Mawson Station established
Kista Dan sailed from Melbourne in January 1954 for Heard Island and MacRobertson Land. A suitable site for a station was found on a rock outcrop surrounding a natural deep-water harbour. It was ideal. The site was one of the few rock exposures along the coast and offered excellent access to the interior of the continent.
Over a period of 12 days, prefabricated buildings, food, stores, scientific equipment and over-snow vehicles were landed and construction of the station was commenced. On 13 February 1954 Phillip Law opened Australia’s first permanent station in Antarctica, naming it in honour of Sir Douglas Mawson. After leaving Robert Dovers and the winter party to finish construction work, commence the scientific program and make a start on the inland exploration, the ship sailed east to explore Mackenzie Bay and the Vestfold Hills in Princess Elizabeth Land. This set the pattern for Law’s future work, where each voyage would support the permanent stations and then remain in the Antarctic conducting extensive surveys along the coast of the Australian Antarctic Territory.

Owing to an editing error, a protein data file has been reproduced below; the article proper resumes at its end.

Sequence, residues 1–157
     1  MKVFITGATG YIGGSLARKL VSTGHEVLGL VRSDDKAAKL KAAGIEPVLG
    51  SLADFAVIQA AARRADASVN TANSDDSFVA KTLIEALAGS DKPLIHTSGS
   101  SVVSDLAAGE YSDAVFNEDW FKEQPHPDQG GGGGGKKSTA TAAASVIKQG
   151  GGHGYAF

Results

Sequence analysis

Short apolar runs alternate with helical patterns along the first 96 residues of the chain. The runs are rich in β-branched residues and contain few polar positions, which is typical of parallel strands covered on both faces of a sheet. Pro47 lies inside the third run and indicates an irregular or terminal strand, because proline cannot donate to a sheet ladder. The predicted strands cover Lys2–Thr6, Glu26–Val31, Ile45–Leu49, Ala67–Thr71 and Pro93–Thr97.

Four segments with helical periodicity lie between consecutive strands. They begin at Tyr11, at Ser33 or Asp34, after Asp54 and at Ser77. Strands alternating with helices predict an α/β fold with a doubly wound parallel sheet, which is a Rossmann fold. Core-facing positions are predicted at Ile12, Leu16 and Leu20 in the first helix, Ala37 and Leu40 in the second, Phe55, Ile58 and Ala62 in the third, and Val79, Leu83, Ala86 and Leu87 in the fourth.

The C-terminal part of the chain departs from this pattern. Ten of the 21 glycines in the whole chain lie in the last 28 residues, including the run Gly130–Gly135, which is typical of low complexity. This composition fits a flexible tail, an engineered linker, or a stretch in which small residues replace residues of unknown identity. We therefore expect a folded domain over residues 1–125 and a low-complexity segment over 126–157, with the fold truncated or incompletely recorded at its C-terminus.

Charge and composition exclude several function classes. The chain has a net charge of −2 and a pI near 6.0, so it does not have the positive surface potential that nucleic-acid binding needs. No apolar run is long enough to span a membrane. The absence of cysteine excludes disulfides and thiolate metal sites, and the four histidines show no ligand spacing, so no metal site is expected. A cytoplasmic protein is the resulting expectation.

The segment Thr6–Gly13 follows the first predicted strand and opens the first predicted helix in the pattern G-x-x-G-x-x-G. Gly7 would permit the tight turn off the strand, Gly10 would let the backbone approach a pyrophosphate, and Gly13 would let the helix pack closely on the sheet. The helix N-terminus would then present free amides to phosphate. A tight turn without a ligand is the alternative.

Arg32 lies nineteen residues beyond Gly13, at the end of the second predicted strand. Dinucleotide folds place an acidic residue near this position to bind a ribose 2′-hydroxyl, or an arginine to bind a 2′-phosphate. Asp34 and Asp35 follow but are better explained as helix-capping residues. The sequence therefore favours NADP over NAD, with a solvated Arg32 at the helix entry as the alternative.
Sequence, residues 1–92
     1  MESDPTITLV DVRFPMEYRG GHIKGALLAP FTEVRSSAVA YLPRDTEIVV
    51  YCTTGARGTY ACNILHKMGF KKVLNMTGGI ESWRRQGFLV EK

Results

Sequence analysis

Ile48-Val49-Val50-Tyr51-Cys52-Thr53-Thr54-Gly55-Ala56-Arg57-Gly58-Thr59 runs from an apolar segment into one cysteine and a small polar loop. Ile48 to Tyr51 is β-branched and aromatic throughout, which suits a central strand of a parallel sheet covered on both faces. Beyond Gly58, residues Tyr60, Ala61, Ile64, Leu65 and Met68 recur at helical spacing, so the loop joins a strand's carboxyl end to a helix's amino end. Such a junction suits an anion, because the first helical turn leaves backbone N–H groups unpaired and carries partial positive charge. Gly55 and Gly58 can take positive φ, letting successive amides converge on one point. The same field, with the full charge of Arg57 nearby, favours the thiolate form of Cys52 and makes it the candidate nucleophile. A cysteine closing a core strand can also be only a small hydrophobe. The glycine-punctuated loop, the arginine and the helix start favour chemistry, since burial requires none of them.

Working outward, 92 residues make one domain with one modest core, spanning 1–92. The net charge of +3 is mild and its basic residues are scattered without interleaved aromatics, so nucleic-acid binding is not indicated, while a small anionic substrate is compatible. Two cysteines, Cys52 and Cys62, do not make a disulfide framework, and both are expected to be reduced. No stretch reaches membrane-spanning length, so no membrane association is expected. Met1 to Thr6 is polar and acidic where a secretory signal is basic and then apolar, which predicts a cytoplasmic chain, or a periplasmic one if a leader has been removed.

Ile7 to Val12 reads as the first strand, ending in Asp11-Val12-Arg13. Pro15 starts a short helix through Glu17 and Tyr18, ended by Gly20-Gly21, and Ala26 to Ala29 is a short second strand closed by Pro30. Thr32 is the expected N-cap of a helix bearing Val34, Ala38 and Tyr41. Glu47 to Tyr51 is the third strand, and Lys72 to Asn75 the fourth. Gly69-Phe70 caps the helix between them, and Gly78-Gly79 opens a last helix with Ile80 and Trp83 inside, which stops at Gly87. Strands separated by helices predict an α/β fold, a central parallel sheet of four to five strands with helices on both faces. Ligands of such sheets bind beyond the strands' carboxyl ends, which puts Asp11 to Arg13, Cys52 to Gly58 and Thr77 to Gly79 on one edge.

Following the successful establishment of Mawson and the great gains made in inland survey work, further impetus to concentrate on the continent came from the decision to participate in the International Geophysical Year (IGY). This was to run from 1957 to 1958 and emphasised the unique scientific opportunities of Antarctica. Law’ plans to establish a second station in the Vestfold Hills, which he had visited in 1954, were therefore timely. Law saw it as essential that Australia build its second station in this extensive ice free area which promised unique scientific opportunities. Kista Dan was again used to carry the party and materials for a new station, and on 13 January 1957 Law opened Davis, naming it in honour of Captain John King Davis.